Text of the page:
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falling_out_of_fashion_fina.jpgThere’s a certain familiar formula that’s become de rigueur in the rarified niche of roman a chefs about the fashion industry. You’ve seen it before: the long suffering assistant is forced to toil over the nefarious editor in chief, running errands to find the perfect python headband and making emergency trips to Marc Jacobs when all she really wants is to be a serious journalist and write for the New Yorker. Karen Yampolsky puts a new spin on this tired recipe in her novel Falling Out of Fashion by focusing on a more interesting character: the boss

Ms. Yampolsky is ideally suited to write about the industry; she’s been an assistant to Jane Platt, the Editor-in-Chief of the eponymous Jane Magazine, for nine years. The novel centers around Jill White, an enterprising woman who founds Jill in the hope of creating a magazine that differs from all the other women’s glossies, only to struggle in the face of corporate control when her publishing company is acquired by the mega conglomerate Nestrom media. Anyone familiar with Jane magazine’s difficult fit into the Conde Nast family shouldn’t have no difficultly identifying the novel’s real life inspiration.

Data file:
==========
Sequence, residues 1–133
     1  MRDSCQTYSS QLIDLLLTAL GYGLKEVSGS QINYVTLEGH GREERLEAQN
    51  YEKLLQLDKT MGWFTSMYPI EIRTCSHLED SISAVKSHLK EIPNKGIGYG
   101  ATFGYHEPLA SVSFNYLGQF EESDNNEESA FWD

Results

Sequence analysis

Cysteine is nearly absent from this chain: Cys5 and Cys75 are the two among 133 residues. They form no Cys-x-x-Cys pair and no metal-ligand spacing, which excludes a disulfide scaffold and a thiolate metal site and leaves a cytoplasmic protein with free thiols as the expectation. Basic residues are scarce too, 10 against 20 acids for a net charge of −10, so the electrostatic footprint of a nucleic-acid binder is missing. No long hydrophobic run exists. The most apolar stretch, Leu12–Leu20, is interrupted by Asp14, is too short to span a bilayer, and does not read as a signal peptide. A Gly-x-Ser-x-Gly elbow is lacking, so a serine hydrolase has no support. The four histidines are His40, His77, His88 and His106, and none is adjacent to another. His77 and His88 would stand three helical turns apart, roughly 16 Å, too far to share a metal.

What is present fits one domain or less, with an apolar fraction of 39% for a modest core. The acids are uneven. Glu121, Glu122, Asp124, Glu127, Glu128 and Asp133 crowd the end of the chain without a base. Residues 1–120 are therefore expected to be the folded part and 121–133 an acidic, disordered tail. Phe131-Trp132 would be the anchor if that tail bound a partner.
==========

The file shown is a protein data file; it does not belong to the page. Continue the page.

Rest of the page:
Yet Yampolsky’s novel more than a facile account of real life events. Jill White is a realistic character, whose flaws, talents, and unapologetic desire to have a successful magazine are a welcome respite from the whiny assistants that narrate other novels about the publishing industry. The author also provides an insider’s account of the view from the top, detailing the cars, the swag, and the kowtowing to advertisers that come with them.

Oddly enough, the main flaw in a novel that purports to detail the rise and fall of an editor is a lack of attention to pacing. Yampolsky sets herself the difficult task of describing Jill’s entire story from birth to her fall from grace, and there are periods of her life that certainly should have been glossed over. The descriptions of Jill’s time at boarding school and early life in New York City in particular feel obligatory and dull. On the other hand, the author simply states that a cover lines about sex must be toned down , without giving us the juicy details of the magazine’s metamorphosis. Apparently those who wish to have the real story must still look to the assistants. Fashionista Diaries, a reality television show chronicling the lives of two assistants who worked at Jane before it closed, is showing on the Soap channel this fall.

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